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Source: @Slant_Magazine @AddisonDeTwitt
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"You know you’re dealing with an assertive artist when he’s the one who starts the interview. Before I even sit down to speak with Tracy Letts, the Tony- and Pulitzer Prize-winning actor-playwright known for conceiving and adapting works like Bug and Killer Joe, he’s already grilling me about Slant's not-so-ecstatic recaps of Homeland, a series on which Letts starred this season as the shady Senator Andrew Lockhart. Apparently, Letts doesn’t miss a bit of press that’s linked to his work, nor does he blindly speak to outlets without doing a little digging. Though always perfectly respectful, Letts is direct, and forthcoming, which should really be no surprise given the uninhibited stories he’s put his name to.
Having penned the screenplays for Bug and Killer Joe, two indelible bits of mind-fuckery that teamed the author with William Friedkin, Letts is now unleashing his adaptation of his most personal piece, August: Osage County, the film version of which marks a partnership with director John Wells—not to mention a monumental cast. Though a far cry from the Friedkin collaborations, August: Osage County is similarly no-holds-barred, dropping the viewer amid a venom-spitting brood inspired by Letts’s own family.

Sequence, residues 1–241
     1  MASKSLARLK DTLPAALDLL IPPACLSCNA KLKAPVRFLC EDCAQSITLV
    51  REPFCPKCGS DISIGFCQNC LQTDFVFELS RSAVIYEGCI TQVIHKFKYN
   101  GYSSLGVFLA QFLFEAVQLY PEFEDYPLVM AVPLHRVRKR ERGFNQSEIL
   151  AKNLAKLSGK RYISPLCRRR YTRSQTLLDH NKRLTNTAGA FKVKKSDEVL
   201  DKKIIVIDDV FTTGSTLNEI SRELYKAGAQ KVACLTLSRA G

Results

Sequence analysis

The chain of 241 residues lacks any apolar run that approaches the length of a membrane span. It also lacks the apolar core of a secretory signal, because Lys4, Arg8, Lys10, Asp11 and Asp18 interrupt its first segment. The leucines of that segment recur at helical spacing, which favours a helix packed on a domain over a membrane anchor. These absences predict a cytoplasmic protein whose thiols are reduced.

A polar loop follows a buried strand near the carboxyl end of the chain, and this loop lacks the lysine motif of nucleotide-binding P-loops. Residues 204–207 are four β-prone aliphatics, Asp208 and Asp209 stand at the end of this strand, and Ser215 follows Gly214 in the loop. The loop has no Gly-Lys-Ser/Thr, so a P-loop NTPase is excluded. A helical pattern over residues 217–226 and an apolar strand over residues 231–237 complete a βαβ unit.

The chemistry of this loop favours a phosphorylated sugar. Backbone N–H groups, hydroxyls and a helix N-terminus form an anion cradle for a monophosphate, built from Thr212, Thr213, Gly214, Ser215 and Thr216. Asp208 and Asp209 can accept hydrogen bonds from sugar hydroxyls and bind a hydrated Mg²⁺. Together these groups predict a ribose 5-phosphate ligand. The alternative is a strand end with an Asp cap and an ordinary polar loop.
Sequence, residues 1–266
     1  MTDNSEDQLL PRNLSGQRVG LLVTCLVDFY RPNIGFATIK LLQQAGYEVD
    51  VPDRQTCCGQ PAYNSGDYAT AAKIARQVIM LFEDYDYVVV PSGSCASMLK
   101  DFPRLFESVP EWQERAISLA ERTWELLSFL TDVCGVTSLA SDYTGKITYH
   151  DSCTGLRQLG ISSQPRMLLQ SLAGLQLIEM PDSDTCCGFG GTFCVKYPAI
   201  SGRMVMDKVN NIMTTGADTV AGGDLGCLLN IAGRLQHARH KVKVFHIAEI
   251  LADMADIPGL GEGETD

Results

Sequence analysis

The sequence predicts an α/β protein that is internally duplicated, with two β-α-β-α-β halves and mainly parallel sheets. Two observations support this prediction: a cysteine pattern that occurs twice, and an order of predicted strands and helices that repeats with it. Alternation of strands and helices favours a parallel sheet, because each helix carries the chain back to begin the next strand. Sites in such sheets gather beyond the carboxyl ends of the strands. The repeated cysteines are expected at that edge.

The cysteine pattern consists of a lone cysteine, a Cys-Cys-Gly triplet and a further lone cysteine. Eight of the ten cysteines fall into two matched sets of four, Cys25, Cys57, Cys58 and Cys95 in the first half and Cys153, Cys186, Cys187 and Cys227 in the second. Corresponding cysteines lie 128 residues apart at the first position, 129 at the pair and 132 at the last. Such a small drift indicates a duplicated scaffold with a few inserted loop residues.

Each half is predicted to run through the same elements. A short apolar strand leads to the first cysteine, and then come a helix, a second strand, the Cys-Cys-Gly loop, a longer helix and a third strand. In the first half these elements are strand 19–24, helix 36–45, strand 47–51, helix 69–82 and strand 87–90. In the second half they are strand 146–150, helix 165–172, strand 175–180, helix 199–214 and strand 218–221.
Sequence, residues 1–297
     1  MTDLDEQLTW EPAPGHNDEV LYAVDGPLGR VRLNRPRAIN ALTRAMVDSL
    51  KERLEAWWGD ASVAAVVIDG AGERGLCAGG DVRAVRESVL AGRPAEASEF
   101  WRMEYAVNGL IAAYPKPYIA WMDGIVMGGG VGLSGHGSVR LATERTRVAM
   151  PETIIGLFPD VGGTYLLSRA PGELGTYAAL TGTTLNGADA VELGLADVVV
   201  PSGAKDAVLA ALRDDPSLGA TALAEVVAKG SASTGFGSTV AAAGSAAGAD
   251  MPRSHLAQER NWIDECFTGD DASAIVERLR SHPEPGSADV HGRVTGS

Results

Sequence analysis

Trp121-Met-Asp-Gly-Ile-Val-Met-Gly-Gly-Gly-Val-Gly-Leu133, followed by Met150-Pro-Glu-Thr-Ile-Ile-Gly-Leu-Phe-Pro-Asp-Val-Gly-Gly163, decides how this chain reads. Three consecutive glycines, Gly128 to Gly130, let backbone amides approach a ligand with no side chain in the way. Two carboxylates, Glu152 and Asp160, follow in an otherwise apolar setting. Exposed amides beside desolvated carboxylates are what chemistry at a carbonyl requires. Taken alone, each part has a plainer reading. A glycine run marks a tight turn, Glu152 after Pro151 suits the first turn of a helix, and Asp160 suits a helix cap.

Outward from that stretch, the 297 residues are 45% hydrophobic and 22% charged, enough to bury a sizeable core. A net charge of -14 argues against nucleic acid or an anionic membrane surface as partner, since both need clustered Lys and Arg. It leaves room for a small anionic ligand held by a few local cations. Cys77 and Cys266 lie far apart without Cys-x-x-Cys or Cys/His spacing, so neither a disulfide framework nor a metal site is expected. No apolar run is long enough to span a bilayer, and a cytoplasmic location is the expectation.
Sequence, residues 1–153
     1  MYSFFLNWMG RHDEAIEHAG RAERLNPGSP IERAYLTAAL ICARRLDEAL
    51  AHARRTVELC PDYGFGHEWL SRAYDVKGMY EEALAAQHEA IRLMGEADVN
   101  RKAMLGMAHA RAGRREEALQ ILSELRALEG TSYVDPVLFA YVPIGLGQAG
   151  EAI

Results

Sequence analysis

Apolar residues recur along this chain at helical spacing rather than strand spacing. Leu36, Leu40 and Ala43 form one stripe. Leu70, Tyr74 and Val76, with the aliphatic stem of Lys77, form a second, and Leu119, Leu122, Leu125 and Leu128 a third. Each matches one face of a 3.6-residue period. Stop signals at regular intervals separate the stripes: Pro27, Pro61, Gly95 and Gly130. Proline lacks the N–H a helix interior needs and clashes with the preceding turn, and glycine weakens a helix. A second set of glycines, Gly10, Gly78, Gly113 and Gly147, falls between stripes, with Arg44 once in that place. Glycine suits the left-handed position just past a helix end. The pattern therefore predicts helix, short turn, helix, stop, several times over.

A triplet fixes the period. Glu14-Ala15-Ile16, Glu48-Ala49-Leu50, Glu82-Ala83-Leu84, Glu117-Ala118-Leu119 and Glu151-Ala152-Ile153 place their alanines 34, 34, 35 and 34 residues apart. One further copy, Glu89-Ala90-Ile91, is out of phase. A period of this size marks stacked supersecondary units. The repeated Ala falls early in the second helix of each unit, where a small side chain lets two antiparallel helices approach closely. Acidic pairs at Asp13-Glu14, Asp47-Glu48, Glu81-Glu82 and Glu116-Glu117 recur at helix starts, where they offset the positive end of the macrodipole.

A sensation when it stormed Broadway in 2007, the story of August: Osage County takes place in Letts’s home state of Oklahoma, and it’s infused not just with the drama of dysfunction, but a Midwestern history with which he’s all too familiar. The man behind the narrative that’s now led to heavy awards buzz (particularly for leading ladies Meryl Streep and Julia Roberts), Letts discussed the story’s Native American themes, his opinion that his own mother, Billie Letts, is “a goddamned liar,” and, more than anything, the limits of control. That is, of course, after addressing those recaps.
Don’t we continually get bad reviews on Slant from the guy who writes the episode recaps for Homeland?
You might! One of our writers does recap the show on our blog. But, to be perfectly honest, I haven’t read those pieces, because I’m behind on this season of Homeland and I’m avoiding spoilers.
Yeah, well, I’ve read them. I read it all. I’m shameless. I read everything.
Oh yeah? Well, I do know that we at the site are fans of movies based on your work, like Bug and Killer Joe. Slant really digs Killer Joe.